But last year’s junior class kind of got it going again. They won a SEC Championship as freshmen, obviously got to Omaha their sophomore year and won a SEC Tournament Championship and then back to Omaha again this year. They kind of got it going again. Now it’s the responsibility of these sophomores, now that they’re going to be juniors, to carry that on. Then the next wave is going to be the 2017-18 class and they’ll have to replicate what those guys did.

You have almost the whole infield coming back, starting with Mike Rivera behind the plate, Jonathan India at third, Dalton Guthrie at shortstop and Deacon Liput at second. Do you think moving JJ Schwarz to first would be a good lineup move? Could he make a permanent move to first base?

“No. I intend to use Mikey and JJ like we have — both of them catching. It would be nice to have JJ play some first, because I think he’s capable of doing that, on his off days from catching. Then that opens up the DH spot. We’ve got a freshman or two that are going to come in and battle over there at first, we’ve got [Jeremy] Vasquez that can play some first. We’ll find a guy over there. I’m not overly concerned about it, to be honest with you.

We’re not going to have Pete Alonso’s bat, let’s just be honest about it. We’ve got seven of the nine guys returning and we’ve got some freshmen that are going to play right away. We’ve got some talented bats that are going to come in and be ok and we have some arms coming in that will be impacts right away. We have a lot of two-way players in this class and it’s an interesting class in the sense that, I’m not sure how it will shake out, but I do really like this class. I think it’s going to be a very functional class. Like all the other classes, I think they’re going to make an impact.

I know you don’t want to single anyone out, or forget to mention someone, but is there one or two players in the recruiting class that you can foresee having the kind of impact Jonathan India and Deacon Liput had as freshmen?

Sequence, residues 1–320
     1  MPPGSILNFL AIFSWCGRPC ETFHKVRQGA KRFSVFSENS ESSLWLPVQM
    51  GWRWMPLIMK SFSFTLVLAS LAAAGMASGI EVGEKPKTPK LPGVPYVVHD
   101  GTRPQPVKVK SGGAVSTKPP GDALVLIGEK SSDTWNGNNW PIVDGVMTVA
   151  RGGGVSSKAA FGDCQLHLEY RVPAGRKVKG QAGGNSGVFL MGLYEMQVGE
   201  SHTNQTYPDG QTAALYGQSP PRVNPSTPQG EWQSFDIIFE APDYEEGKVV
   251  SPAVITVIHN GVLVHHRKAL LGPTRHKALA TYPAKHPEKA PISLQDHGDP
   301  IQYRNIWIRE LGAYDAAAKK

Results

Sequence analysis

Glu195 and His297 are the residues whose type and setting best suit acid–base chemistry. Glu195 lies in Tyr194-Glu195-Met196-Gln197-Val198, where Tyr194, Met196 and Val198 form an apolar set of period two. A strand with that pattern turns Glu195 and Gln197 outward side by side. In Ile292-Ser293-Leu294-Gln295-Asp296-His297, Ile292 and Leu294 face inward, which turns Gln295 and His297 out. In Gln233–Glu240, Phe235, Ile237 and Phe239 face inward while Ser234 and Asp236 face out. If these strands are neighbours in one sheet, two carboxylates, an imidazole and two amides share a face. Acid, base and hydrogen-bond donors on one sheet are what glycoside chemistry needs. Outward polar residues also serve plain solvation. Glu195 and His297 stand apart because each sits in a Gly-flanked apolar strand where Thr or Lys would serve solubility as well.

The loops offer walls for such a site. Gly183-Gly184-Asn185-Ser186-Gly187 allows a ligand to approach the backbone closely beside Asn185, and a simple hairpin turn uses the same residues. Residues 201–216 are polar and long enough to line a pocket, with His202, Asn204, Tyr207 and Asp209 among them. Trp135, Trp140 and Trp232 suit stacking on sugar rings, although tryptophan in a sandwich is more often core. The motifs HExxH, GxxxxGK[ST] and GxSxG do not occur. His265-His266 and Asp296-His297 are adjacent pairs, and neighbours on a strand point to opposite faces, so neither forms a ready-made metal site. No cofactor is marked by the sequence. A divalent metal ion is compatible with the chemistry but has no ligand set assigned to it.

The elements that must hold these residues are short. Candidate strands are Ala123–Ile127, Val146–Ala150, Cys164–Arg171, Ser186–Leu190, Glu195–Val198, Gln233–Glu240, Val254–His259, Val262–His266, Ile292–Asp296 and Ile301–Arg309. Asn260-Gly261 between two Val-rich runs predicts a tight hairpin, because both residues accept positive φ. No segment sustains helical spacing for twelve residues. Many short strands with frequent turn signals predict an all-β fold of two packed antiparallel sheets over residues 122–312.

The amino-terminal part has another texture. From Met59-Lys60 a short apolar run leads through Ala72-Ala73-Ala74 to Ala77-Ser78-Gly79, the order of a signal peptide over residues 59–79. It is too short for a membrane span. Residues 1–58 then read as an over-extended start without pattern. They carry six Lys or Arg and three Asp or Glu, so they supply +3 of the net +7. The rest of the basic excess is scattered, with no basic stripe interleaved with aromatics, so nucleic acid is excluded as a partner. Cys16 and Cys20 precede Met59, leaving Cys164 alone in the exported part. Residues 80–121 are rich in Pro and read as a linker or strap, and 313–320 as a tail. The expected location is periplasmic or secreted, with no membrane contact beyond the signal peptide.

Yeah. Looking at the board here I think two guys right now in the outfield, and they’re two-way players, are [Austin] Langworthy (OF/LHP) and [Andrew] Baker (OF/LHP). Those guys are going to be right in the middle of everything. I think Garrett Milchin (INF) is going to be a really, really good hitter and I think he’s going to be really good on the mound. You’re talking about three two-way guys right there and Langworthy and Baker and left handed. Milchin is a left-handed hitter and a right-handed thrower. Langworthy has a special bat. Baker has a chance to be a really good center fielder; I mean a really good center fielder and a leadoff type hitter. Nate Brown, a pitcher from Wisconsin, he’s going to pitch right away. He’s got a good arm, a really good arm. He’s very mature. Tyler Dyson (INF/RHP) has been up to 94 MPH and he’s a two-way guy as well. He’s just starting to figure some things out. We’ve got another guy, Austin Bodrato (RHP/INF), from New Jersey, another two-way guy. We recruited his as a pitcher and he got drafted by the Pirates as a third baseman. He can play outfield, he’s a 6.6 (60-yard dash) runner, he weighs 200 pounds and has a great body, left-handed hitter. Those guys, for sure, have a chance to make an impact right now. I don’t want to leave anybody out but those guys are going to be pretty good now.

Is there any area on the roster where you have concern right now? The bullpen?

I don’t know if concerned is the right word, obviously we’ve got to replace a lot of guys but concern isn’t going to do me any good. We’ve got some guys, they just have to go out, pitch, hit and perform. I think we’ve always pitched here and I expect us to pitch well next year. When you’re looking at the weekend rotation there are three potential first rounders (Alex Faedo, Jackson Kowar, Brady Singer). Nobody is going to look at our team and say, ‘boy, they don’t have enough pitching.’ We’ve got to figure some things out in the bullpen but we’ve also got three guys on the weekend that can pitch you into the seventh inning.

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Nick de la Torre
A South Florida native, Nick developed a passion for all things sports at a very young age. His love for baseball was solidified when he saw Al Leiter’s no-hitter for the Marlins live in May of 1996. He was able to play baseball in college but quickly realized there isn’t much of a market for short, slow outfielders that hit around the Mendoza line. Wanting to continue with sports in some capacity he studied journalism at the University of Central Florida. Nick got his first start in the business as an intern for a website covering all things related to the NFL draft before spending two seasons covering the Florida football team at Bleacher Report. That job led him to GatorCountry. When he isn’t covering Gator sports, Nick enjoys hitting way too many shots on the golf course, attempting to keep up with his favorite t.v. shows and watching the Heat, Dolphins and Marlins. Follow him on twitter @NickdelatorreGC


  1. I love this coach. honest, direct and is not afraid to say, “yeah, we can improve in some areas and this is how i plan to do it”…

    awesome. happy to have a team on the diamond that me and my son can watch through the course of a season and be proud of. Being Marlin’s fans, we need something to ease the pain :)